Technologizer, the Twitter Clone/Anti-Twitter, Does File Storage

The for-pay social network is giving its members 10GB of space for photos and other files.

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[image] Riposte, an client for the iPhone
Harry McCracken / TIME

Riposte, an client for the iPhone

I haven’t spent a whole lot of time at lately, but I still admire the basic idea. Conceptually, it’s a Twitter-like service, designed to let folks share quick status updates and otherwise communicate in fast bursts. But instead of having an uneasy-to-antagonistic relationship with third-party clients, as Twitter seems to have,’s main goal is to encourage other developers to write neat software and services that use its plumbing.’s other big idea is that it relies on its users, rather than advertisers, to pay the bills. It got off the ground thanks to a Kickstarter-like crowdfunding campaign; almost six months later, it has around 30,000 members. That’s a rounding error by Twitter or Facebook standards, but everyone in’s community pays $5 a month or $36 a year for the privilege of being there — a commitment which presumably explains why the service’s signal-to-noise ratio is unusually high.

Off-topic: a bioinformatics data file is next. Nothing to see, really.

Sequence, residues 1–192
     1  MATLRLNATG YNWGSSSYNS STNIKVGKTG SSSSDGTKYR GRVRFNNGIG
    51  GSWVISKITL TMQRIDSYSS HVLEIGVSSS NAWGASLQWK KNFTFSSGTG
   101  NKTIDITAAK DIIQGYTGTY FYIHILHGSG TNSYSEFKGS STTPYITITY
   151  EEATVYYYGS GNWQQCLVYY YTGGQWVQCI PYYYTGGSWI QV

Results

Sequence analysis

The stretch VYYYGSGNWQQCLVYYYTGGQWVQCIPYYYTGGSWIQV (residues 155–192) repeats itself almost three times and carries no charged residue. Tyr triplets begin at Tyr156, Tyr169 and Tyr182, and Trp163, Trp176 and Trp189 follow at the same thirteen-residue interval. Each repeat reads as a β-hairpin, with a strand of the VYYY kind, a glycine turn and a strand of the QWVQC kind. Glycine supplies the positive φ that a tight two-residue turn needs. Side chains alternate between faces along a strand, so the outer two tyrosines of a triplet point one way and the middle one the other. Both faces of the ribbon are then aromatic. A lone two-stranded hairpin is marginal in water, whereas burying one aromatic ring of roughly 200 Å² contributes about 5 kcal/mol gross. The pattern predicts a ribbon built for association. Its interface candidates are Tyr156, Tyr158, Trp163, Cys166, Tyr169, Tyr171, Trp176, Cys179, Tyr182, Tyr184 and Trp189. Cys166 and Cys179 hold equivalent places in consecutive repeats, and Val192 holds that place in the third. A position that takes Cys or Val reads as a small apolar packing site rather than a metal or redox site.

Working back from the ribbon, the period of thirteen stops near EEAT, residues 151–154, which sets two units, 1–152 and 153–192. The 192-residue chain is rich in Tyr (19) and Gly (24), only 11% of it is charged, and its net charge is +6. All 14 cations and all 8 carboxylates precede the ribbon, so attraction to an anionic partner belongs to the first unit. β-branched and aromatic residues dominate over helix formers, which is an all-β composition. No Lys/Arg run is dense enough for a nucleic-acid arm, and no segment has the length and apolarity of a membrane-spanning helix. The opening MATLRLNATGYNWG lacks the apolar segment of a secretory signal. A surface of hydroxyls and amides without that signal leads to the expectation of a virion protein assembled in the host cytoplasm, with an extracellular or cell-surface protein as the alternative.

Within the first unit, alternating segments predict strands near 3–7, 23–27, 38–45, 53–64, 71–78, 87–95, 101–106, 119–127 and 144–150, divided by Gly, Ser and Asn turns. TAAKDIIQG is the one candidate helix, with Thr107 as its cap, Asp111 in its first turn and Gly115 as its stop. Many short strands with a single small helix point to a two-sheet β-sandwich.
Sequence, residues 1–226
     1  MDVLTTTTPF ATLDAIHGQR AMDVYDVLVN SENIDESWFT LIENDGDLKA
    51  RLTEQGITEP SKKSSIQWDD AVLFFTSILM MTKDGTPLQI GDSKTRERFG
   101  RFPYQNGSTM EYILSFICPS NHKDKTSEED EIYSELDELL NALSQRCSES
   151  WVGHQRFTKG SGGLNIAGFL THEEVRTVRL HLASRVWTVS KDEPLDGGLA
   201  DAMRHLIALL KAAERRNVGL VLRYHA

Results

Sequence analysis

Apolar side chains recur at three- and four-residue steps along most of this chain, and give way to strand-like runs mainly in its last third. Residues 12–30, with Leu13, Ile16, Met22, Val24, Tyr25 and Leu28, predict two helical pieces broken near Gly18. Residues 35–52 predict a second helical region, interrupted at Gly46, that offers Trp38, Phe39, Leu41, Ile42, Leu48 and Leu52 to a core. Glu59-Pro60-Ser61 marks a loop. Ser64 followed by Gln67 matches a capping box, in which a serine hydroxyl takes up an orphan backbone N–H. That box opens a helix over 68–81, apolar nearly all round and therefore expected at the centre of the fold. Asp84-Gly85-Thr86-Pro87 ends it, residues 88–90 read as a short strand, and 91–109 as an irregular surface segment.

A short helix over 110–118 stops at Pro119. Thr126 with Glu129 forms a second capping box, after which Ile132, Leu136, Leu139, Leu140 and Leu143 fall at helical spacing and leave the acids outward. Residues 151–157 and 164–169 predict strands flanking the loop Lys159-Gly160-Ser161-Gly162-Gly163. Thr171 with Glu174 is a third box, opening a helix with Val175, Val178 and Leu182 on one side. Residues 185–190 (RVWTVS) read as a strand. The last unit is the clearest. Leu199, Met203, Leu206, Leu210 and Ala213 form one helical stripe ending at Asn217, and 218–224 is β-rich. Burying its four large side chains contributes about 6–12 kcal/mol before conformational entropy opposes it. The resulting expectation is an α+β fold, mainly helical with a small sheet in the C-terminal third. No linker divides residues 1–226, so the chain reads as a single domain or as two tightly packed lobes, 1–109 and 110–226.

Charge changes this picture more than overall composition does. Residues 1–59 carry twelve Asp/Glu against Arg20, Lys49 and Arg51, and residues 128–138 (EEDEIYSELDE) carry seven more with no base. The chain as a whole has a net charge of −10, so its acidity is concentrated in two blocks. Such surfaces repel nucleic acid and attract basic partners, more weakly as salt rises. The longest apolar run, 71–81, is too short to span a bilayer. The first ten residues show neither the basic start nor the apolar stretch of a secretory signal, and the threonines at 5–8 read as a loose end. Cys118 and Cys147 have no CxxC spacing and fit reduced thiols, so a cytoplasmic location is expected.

Now is beginning to expand its ambitions. Its founder and CEO, Dalton Caldwell, told me that the service is going to give its members 10GB of cloud-based storage space for photos and other files — and will give third-party apps the hooks they need to add features that take advantage of that space.

(There are already over 50 clients, including more than 20 for iOS — including nicely-done offerings such as Felix, Netbot and Riposte.)

The web, of course, is already rife with companies that want to give you gigabytes for pictures and other stuff, either for free or for a fee. But Caldwell explained to me that’s storage will operate under the same philosophy that the rest of the service does: The files that people put there belong to them, and isn’t claiming the right to use them for advertising or other purposes. That should help it avoid kerfuffles like the recent dust-up involving a certain insanely popular photo-sharing service.

By giving third-party apps an official data repository, Caldwell says, the company is also letting its users centralize their online storage rather than scattering it all over the web. (I’ve posted hundreds of photos to Twitter over the years, and for the most part, I have no idea where they are — they ended up wherever the apps I used decided to put them.)

Should you give a try? That depends. I’m a reasonably content user of both Twitter and Facebook, which is why I haven’t become a serious user — I like it, too, but my brain cells and my days are short on space for yet another social network. But if you’re nonplussed with Twitter and/or Facebook, for whatever reason, is an intriguing alternative. And even if you aren’t, it’s worth keeping an eye on.